CMTA Invests $240K in Gene Therapy for Rare Nerve Disorder

Charcot-Marie-Tooth Association

GLENOLDEN, PA — The Charcot-Marie-Tooth Association (CMTA) has announced a $240,000 investment in gene replacement therapy targeting CMT4A, a severe form of the disease. This initiative, led by Dr. Xin Chen and Dr. Steven Gray at the University of Texas Southwestern Medical Center, aims to develop a treatment that could extend to other subtypes of Charcot-Marie-Tooth (CMT).

CMT4A is caused by recessive variants in the GDAP1 gene and leads to severe demyelination. The research project will design and test an adeno-associated virus 9 (AAV9) vector. This vector will deliver a functional GDAP1 gene to replace the faulty version. The approach will be tested in models replicating CMT4A conditions. If successful, this method could serve as a template for treating other CMT types, such as CMT4B1 and CMT4D.

“Recent advances in AAV capsids and genome designs have significantly boosted the field of AAV gene therapy,” said Dr. Chen. “With evolving AAV vector technologies, studies on rare forms like CMT4A can provide proof-of-concept for broader CMT therapies.”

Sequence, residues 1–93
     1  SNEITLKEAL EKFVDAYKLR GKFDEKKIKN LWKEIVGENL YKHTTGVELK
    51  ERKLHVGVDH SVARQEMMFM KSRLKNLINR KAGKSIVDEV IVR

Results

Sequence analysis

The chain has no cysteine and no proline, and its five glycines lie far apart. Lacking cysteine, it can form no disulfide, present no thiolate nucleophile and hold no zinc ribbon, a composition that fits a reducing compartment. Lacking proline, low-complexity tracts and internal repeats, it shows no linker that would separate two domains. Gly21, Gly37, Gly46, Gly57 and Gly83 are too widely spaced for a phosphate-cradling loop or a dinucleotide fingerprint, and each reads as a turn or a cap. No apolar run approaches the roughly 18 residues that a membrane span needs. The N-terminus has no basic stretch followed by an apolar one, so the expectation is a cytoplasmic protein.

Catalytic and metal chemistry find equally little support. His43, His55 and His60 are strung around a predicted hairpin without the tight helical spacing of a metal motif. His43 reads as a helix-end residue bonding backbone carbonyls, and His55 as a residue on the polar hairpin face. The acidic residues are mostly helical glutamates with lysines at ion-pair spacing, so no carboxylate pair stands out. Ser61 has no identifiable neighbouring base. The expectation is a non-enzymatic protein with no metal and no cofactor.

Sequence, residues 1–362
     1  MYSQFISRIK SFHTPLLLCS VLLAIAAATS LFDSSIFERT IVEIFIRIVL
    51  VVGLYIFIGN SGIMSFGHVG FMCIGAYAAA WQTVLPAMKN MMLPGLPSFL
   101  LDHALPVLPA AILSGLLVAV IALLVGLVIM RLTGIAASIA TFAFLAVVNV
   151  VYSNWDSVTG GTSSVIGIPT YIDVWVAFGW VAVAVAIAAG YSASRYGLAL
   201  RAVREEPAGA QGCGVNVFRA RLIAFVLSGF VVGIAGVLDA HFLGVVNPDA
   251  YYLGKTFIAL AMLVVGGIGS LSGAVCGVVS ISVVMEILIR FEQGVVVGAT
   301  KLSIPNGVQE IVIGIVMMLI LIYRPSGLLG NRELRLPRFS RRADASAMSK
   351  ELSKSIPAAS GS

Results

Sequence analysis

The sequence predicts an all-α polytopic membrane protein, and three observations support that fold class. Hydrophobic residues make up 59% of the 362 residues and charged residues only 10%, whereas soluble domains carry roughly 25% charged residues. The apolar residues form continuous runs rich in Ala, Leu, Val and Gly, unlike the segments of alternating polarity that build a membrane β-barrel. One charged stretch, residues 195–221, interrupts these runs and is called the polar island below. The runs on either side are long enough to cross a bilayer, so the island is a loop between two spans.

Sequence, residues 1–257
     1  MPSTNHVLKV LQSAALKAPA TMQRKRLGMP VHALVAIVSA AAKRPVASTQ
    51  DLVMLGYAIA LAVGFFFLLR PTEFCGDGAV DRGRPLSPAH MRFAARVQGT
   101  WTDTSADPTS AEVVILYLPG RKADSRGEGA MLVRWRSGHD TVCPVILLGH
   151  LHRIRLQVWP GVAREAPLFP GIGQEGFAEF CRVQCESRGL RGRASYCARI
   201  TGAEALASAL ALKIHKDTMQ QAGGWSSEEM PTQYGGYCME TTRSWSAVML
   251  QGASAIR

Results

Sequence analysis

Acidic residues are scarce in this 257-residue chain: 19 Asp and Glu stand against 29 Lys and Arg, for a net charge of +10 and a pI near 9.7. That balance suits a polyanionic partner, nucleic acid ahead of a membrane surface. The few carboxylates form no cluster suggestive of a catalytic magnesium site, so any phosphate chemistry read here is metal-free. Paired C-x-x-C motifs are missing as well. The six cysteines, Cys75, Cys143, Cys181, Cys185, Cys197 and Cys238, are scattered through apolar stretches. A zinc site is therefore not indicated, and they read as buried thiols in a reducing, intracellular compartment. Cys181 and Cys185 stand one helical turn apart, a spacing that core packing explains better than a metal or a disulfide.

Dr. Katherine Forsey, CMTA’s Chief Research Officer, highlighted the strategic importance of this investment. “Through the Strategy to Accelerate Research (STAR) initiative, CMTA has been leading the way in accelerating gene replacement therapies for CMT,” she said. “This investment marks a major step towards developing a roadmap for translating CMT treatments into clinical trials.”

The project leverages advanced AAV vector technologies, aiming to create a blueprint for future therapies. By focusing on these cutting-edge developments, CMTA hopes to bring new treatment options to the broader CMT community.

This investment is part of CMTA’s larger strategy to support impactful research, offering new hope to those affected by various forms of Charcot-Marie-Tooth disease.

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